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Obstet Gynecol Sci > Volume 60(4); 2017 > Article
Kim, Jung, and Song: Significant elevation in serum CA 125 and CA 19-9 levels with torsion of the hydrosalpinx in a postmenopausal woman


Isolated torsion of the fallopian tube in postmenopausal women is rare. In this case report, we detail the case of a 53-year-old patient who presented with adenomyosis and a left hydrosalpinx with high levels of CA 125 and CA 19-9. The isolated torsion of the left hydrosalpinx was observed during the operation. The serum levels of CA 125 and CA 19-9 were reduced from 129.62 and 348 to 58.2 and 12.41 U/mL, respectively, after total laparoscopic hysterectomy with salpingectomy. On radiologic evaluation, there were no other factors that may have influenced the increase in serum levels of CA 125 and CA 19-9 in this patient, which were reduced after operation. To the best of our knowledge, this is the first case of association between perioperative changes in CA 19-9 levels and isolated torsion of the fallopian tube.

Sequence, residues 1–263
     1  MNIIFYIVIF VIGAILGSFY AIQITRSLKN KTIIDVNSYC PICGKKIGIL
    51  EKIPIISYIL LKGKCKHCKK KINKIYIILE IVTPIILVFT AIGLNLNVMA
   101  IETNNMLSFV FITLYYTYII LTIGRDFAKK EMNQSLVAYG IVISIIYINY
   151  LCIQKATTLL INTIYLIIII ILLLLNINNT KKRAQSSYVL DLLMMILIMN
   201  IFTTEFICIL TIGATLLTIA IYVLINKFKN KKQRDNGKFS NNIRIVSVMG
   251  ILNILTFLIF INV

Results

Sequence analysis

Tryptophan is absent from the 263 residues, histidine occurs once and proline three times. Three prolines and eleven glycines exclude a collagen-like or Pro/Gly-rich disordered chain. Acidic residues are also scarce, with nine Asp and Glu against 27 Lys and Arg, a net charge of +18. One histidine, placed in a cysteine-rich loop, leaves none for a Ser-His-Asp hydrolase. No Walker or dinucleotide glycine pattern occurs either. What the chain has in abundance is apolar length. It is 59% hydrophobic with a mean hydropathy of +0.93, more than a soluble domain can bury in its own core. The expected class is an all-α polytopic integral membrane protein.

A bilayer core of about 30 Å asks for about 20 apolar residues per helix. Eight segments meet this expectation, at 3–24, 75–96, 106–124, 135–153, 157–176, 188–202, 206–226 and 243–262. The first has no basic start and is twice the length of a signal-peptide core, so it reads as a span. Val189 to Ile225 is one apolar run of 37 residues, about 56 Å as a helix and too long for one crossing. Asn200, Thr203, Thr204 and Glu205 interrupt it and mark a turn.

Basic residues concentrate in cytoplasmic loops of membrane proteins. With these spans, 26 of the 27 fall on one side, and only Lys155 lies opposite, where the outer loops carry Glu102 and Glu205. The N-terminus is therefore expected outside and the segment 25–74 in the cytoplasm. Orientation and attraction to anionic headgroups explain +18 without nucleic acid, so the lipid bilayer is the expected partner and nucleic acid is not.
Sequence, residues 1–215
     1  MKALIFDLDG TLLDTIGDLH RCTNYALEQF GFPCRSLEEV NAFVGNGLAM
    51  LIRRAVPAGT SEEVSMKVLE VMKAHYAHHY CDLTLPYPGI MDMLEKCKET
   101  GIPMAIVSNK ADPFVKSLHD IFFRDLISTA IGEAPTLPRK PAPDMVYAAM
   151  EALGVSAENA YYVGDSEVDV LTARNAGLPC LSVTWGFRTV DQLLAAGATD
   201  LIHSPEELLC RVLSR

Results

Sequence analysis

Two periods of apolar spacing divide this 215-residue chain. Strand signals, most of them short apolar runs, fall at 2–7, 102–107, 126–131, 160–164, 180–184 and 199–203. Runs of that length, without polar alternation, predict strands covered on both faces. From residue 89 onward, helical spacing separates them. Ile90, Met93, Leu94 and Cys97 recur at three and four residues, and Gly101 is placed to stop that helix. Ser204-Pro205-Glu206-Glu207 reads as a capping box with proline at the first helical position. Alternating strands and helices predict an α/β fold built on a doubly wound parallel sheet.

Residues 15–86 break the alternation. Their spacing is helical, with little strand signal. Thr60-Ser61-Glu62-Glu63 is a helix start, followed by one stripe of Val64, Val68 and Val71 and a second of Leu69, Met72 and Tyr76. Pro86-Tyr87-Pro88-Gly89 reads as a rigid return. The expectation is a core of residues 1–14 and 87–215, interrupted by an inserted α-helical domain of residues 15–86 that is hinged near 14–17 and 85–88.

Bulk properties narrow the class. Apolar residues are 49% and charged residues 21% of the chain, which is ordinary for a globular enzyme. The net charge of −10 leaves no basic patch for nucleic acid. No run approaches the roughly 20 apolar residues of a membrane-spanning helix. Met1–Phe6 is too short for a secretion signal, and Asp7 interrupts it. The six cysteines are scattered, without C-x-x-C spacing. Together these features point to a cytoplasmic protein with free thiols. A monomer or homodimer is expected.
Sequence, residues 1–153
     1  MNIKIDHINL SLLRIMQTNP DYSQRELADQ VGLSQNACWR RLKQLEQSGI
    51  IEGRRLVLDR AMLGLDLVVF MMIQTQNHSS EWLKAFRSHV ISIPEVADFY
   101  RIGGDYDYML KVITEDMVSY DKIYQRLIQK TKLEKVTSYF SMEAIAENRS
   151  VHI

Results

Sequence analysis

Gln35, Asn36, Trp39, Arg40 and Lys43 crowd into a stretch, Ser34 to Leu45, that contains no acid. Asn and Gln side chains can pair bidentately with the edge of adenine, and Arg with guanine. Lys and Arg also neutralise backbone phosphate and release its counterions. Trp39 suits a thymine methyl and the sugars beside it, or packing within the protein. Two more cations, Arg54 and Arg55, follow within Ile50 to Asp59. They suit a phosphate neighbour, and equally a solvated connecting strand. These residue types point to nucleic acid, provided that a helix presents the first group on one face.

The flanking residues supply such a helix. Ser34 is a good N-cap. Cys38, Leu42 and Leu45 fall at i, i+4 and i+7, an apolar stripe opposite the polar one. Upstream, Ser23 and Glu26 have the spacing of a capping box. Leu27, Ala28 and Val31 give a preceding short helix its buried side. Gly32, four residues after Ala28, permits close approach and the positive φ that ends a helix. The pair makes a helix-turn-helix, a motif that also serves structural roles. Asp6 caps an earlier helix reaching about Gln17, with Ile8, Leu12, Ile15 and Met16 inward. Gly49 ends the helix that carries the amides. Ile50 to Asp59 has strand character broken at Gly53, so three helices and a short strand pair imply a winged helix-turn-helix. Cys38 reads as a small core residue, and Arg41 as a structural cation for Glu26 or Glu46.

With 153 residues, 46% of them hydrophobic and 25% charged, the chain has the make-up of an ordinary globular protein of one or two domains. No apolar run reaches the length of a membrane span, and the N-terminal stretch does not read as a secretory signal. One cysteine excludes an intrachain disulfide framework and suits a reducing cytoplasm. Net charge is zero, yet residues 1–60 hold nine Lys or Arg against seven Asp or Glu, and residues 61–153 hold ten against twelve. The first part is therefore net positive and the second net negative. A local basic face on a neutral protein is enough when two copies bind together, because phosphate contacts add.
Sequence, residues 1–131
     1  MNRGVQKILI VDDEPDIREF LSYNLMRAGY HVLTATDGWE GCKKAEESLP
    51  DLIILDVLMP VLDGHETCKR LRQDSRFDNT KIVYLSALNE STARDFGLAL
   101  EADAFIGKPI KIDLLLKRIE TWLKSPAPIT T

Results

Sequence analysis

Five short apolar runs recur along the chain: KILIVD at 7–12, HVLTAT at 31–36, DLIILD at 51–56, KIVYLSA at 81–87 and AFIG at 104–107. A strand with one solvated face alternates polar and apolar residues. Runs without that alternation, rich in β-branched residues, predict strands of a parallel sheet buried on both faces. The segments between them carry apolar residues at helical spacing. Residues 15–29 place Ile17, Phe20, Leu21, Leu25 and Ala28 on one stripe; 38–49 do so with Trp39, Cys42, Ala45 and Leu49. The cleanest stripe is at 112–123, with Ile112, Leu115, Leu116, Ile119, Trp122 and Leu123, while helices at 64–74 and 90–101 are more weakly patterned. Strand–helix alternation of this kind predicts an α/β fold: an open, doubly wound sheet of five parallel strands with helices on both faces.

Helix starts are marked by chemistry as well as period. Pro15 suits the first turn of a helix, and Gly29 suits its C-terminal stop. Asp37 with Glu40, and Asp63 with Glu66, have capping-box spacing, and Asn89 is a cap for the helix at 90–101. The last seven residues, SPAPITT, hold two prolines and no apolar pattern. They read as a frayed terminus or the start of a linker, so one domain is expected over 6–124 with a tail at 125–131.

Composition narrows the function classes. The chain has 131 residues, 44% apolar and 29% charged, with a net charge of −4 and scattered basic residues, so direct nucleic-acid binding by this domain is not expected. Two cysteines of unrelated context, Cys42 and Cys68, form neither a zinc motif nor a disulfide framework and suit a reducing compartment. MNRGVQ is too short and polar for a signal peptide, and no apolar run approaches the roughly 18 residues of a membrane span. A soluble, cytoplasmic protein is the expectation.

An isolated torsion of the fallopian tube refers to torsion of the fallopian tube that is not associated with any ovarian abnormality. It is extremely rare and occurs in 1 out of 1.5 million women [1]. It is mostly observed in the reproductive age group with rare exceptions in the pediatric and postmenopausal age groups [2]. Furthermore, there has been no reported case to date that describes isolated fallopian tube torsion with hydrosalpinx and adenomyosis in postmenopausal women.